VERY OFFTOPIC: MJ
( His biographer made the right prediction.
I don't think he has it in him to take his own life. I don't see him putting a gun to his head. It'll be an accidental overdose  something like that. ( Stacy Brown, July 2005 )When MJ announced the London concerts I had the feeling it wasn't Michael but a double. )
Tuesday, June 23, 2009
The Story of Mathematics ( 3 )
Marcus du Sautoy clearly loves mathematics and he is an excellent storyteller. When I was young I saw a similar series by Jacob Bronowski which laid the foundation for my love of maths. I hope du Sautoy's program had a similar effect on young people watching it.
Still one episode to go on 20th century math.
Sunday, June 21, 2009
Symmetry and the Monster by Mark Ronan
Just got this promising book. A history of Group Theory from the beginning until the discovery of the Monster Group. Will publish a review here when I have read it.
The Story of Mathematics (2)
Saturday, June 20, 2009
The Story of Mathematics
Thursday, June 18, 2009
Contemplating a Project
Contemplating... ... ...
( More later )
Feedback Delay on MST121 CMA42
Maybe some questions were too simple / difficult and are cancelled, leaving 24 questions which count just as in CMA41.
I wonder when the results do come in.
Wednesday, June 17, 2009
MS221  TMA02  ( 2 )
( Pffhhh. )
Time to study new things again! Book C is on calculus, while book D has introductions to number theory, group theory and logic.
Saturday, June 13, 2009
MS221  TMA02
Tuesday, June 9, 2009
MST121:DONE
By doing MST121 I primarily learned what it is like to study at the OU. I haven't seen any entirely new mathematics but that wasn't to be expected from a level 1 course. I am already busy with MS221 and I suppose it will be M208 and / or MST209 after that. All in all I have enjoyed the course.
Monday, June 8, 2009
Yellow Alert
Sunday, June 7, 2009
Protocol for reading a mathematics book
Once upon a time there was a programme on the radio for young children called Listen with Mother. (In those days it was assumed that it would be the mother who would be at home with the children.) In the first programme in 1950 the storyteller, Julia Lang, introduced the story she was about to tell by saying 'Are you sitting comfortably? Then we'll begin'. Apparently this introduction was not planned, but it caught on, and was used regularly until the programme ceased in 1982. When it comes to reading mathematics, however, this is not an appropriate beginning. A mathematics book cannot be read like a novel, sitting in a comfortable chair, with a glass by your side. Mathematics books need to be worked at. You need to be sitting at a table or a desk, with pencil and paper, both to work through the theory and to tackle the problems. A good guide is the amount of time it takes you to read the book. A novel can be read at a rate of about 60 pages an hour, whereas when it comes to many mathematics books you are doing well if you can read five pages an hour. (It follows that, even at 12 times the price, a mathematics book is good value for money!)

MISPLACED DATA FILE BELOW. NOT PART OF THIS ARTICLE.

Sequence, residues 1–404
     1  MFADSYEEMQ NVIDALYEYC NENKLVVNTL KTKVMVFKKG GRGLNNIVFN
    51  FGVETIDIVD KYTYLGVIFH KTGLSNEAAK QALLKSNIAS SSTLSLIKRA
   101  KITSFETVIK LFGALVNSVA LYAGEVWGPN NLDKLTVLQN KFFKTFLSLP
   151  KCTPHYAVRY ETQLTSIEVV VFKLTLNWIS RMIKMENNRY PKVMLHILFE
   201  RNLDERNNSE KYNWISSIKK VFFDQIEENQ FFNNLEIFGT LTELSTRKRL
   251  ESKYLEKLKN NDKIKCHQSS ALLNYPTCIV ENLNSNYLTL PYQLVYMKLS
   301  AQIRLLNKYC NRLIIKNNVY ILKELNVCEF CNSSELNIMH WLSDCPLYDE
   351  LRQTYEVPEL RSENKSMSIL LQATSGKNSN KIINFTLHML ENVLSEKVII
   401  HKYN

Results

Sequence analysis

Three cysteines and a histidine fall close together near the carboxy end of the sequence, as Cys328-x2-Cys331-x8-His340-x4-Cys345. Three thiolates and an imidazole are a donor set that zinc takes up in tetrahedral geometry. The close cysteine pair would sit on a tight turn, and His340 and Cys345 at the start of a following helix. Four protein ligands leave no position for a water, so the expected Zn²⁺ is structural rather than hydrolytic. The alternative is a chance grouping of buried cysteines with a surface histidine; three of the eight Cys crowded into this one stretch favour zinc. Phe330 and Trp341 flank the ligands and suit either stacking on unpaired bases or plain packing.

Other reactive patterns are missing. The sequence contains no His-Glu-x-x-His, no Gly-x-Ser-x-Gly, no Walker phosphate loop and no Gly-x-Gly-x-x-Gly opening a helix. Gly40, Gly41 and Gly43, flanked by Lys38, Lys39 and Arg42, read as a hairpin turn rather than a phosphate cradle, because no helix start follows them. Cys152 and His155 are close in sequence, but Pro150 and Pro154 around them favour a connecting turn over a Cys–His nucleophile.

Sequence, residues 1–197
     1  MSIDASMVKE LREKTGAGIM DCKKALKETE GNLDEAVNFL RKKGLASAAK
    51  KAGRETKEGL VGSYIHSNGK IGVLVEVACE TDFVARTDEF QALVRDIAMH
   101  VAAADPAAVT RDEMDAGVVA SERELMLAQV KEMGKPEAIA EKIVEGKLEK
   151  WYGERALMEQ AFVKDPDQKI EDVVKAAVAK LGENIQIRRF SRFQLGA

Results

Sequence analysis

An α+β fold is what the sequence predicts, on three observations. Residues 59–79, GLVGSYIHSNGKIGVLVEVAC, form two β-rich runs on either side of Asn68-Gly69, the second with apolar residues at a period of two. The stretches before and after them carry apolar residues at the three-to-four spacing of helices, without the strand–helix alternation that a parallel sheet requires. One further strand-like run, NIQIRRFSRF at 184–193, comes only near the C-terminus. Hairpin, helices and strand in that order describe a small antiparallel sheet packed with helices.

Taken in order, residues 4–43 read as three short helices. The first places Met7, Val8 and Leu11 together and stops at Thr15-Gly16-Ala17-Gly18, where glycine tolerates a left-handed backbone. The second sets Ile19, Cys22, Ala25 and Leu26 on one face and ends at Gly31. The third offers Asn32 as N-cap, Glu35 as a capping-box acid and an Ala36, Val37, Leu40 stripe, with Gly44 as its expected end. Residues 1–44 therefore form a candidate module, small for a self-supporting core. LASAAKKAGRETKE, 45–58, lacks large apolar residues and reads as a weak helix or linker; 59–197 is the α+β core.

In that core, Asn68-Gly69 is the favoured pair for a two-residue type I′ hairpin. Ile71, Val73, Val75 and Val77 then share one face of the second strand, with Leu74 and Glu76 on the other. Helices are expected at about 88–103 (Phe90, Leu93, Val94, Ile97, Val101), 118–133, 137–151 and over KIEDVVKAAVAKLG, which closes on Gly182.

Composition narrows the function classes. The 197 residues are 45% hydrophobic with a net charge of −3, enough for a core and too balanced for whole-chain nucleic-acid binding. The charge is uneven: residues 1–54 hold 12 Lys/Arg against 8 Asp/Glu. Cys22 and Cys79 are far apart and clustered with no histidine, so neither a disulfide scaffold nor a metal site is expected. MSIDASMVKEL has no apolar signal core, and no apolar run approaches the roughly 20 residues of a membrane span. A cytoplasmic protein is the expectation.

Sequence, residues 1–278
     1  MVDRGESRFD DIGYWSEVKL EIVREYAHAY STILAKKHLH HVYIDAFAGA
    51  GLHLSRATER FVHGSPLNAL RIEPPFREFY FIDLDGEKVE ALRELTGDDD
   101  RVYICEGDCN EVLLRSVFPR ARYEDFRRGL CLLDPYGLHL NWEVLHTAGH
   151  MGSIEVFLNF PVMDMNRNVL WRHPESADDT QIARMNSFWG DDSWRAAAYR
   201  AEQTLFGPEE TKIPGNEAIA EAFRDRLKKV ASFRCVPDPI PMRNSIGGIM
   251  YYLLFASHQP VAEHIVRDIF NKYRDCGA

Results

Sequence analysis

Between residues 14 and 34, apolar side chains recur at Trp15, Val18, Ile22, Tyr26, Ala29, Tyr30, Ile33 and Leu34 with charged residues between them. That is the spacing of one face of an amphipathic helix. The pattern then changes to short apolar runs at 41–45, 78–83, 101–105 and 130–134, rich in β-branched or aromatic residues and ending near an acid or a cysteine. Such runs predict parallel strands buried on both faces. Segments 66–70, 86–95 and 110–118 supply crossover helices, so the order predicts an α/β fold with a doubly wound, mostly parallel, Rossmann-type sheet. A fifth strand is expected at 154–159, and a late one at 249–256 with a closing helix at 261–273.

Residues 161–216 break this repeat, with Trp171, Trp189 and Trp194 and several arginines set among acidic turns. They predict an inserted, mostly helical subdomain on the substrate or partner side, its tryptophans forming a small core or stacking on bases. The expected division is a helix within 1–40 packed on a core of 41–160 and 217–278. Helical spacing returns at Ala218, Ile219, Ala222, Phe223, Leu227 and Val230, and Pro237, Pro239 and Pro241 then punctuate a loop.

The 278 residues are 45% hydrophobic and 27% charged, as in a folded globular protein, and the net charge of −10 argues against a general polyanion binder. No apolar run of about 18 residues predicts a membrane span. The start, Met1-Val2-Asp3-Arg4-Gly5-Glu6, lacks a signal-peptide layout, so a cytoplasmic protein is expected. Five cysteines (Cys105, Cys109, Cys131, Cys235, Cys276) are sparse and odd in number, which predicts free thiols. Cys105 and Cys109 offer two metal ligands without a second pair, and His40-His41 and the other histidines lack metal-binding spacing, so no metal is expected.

I would like to add that a good mathematics book can be read over and over. Some math books are companions for life.
Tuesday, May 26, 2009
MST121  TMA04 ( 3 )
Tuesday, May 19, 2009
MST121  TMA04 ( 2 )
Tuesday, May 12, 2009
MST121  TMA04
Saturday, May 9, 2009
Layed the foundation for new TMA's
Wednesday, May 6, 2009
MS221 second shipment arrived
I proposed a rather exceptional way of sending a shipment of books. The OU handled it as if it was a regular request. "... The quality of an organisation can be measured by their capacity of handling exceptions. ..." Isn't that true? Things usually go wrong when questions are asked.
Anyway, I received books C and D of course MS221 today. Book D is more or less an introduction to M208, I suppose. D has topics on Complex Numbers, Number Theory, Group Theory and Logic. Book C is calculus, again. I just to find calculus so booooring. I must say I find it less boring today and am actually looking forward to MST209 about model building which has LOTS of stuff on solving DE's.
MST209, M208 are both 60ers and are both next on my left. I don't think I can handle 120 in a year. 90 is doable for me, but 120? Don't think so. Havent ruled out the option of doing both MST209 and M208 in 2010. I havent planned courses for sep 09 / jan 10 yet so I could do the video based MIT selfstudy course on DE's in that period which would be an excellent technical preparation for MST209. But again, all options are still open.
As in football... concentrate on winning the next match instead of winning the competition.
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Welcome to The Bridge
Mathematics: is it the fabric of MEST?
This is my voyage
My continuous mission
To uncover hidden structures
To create new theorems and proofs
To boldly go where no man has gone before
(Raumpatrouille – Die phantastischen Abenteuer des Raumschiffes Orion, colloquially aka Raumpatrouille Orion was the first German science fiction television series. Its seven episodes were broadcast by ARD beginning September 17, 1966. The series has since acquired cult status in Germany. Broadcast six years before Star Trek first aired in West Germany (in 1972), it became a huge success.)